If you find yourself questioning the difference between traffic and bandwidth, here's an analogy that will help.
Imagine a busy highway.
Brake lights are twinkling and horns are honking as automobiles trickle bumper-to-bumper down the road.
If you've ever commuted to work in a heavily populated area or driven to the beach on a holiday weekend, you're familiar. But bear with me.
How many lanes does this imaginary highway have? For this example, let's say there are four.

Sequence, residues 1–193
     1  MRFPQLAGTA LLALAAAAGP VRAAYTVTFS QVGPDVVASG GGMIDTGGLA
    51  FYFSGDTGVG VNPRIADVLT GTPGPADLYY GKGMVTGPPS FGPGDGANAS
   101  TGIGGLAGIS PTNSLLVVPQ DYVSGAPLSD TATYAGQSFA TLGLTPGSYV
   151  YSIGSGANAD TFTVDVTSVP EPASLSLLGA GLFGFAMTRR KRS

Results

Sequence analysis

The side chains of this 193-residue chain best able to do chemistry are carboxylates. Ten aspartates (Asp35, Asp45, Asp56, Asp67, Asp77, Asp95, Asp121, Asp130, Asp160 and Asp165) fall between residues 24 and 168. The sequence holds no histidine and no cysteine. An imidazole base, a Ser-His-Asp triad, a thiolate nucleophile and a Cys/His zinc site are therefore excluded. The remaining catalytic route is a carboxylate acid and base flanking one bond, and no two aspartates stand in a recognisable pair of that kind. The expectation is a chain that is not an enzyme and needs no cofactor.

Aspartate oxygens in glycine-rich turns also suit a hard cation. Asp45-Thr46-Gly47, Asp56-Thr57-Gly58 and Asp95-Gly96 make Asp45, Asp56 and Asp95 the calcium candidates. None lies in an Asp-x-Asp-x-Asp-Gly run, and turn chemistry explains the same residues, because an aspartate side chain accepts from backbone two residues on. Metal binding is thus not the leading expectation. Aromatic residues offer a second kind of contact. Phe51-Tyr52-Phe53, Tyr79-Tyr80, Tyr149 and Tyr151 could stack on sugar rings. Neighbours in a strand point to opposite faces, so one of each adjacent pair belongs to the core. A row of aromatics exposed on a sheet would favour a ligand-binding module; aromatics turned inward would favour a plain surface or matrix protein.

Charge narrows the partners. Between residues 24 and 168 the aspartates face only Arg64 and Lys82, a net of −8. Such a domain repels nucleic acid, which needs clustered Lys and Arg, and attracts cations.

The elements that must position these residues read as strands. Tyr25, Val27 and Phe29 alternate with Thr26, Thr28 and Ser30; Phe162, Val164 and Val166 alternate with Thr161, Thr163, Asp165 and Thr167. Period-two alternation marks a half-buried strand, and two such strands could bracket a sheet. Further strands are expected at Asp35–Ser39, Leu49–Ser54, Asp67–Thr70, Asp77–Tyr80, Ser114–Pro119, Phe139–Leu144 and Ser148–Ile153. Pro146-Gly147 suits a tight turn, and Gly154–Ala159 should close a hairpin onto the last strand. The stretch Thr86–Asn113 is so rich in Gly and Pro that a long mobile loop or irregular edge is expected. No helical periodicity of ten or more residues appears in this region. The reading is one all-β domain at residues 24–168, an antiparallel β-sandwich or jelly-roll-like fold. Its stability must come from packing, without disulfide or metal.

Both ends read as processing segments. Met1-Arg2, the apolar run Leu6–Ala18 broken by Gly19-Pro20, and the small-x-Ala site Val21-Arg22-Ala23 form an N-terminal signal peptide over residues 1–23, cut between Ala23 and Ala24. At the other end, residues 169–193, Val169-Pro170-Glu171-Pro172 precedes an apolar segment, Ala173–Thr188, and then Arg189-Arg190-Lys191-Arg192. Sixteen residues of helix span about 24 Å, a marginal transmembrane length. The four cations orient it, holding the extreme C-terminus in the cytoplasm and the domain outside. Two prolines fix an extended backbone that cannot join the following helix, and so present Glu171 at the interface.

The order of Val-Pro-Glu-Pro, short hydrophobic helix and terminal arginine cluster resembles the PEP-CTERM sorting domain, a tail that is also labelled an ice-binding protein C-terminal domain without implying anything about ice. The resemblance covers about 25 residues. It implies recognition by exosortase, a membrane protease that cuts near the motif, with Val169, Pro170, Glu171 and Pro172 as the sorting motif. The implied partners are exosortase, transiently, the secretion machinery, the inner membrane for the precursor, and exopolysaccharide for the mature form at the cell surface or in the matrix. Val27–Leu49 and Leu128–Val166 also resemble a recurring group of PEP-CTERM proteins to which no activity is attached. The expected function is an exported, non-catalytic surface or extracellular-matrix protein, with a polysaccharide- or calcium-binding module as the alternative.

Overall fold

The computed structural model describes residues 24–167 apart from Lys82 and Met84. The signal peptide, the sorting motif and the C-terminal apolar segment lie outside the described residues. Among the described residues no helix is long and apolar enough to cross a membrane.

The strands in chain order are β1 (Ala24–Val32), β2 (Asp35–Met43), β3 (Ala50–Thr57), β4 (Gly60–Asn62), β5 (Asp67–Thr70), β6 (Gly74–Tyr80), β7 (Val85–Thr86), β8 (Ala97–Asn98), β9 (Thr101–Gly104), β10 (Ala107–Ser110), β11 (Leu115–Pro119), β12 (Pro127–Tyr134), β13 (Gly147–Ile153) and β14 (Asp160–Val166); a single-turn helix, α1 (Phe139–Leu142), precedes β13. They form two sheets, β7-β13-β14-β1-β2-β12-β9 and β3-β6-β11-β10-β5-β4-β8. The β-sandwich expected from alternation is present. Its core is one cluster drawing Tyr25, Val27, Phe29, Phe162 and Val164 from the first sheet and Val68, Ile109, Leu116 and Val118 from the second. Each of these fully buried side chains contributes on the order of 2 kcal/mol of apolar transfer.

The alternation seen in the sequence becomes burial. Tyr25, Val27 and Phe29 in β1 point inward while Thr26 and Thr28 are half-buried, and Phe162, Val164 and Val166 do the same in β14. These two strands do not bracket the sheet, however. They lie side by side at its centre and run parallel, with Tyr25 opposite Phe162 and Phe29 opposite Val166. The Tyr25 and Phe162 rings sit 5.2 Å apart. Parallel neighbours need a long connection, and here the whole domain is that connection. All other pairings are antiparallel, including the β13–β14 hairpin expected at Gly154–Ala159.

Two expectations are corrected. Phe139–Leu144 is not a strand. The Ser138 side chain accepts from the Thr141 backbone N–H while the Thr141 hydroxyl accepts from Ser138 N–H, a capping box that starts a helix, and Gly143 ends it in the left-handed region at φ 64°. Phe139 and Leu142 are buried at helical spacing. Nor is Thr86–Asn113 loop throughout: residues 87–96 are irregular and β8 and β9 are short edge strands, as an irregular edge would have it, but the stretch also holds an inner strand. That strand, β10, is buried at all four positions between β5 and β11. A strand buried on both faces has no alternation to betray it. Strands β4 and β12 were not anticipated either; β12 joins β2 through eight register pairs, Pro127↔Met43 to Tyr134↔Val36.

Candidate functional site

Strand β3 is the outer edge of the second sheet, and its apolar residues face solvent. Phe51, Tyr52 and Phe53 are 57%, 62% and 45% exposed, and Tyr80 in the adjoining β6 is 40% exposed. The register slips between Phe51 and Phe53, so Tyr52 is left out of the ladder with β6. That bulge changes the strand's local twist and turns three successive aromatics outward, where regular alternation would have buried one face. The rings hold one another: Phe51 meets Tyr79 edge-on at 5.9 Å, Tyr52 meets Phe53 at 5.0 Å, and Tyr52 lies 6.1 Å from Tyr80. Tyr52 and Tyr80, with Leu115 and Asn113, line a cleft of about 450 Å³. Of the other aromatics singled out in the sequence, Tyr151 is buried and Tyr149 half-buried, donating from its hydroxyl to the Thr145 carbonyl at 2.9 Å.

These four lanes are the bandwidth.
And the cars are—you guessed it—the traffic.
If you added two additional lanes (more bandwidth), what would happen? The highway could allow more cars to travel at the same time.
And if you reduced the number of lanes down to just two? You'd get a traffic jam, a minivan full of fussy children, and a very frustrated parent threatening to turn the car around and scrap this year's beach trip.
You need sufficient bandwidth to ensure you arrive on time.
Bandwidth determines how much traffic can pass through.
In short, bandwidth determines how much traffic can pass through. More bandwidth can accommodate more traffic.
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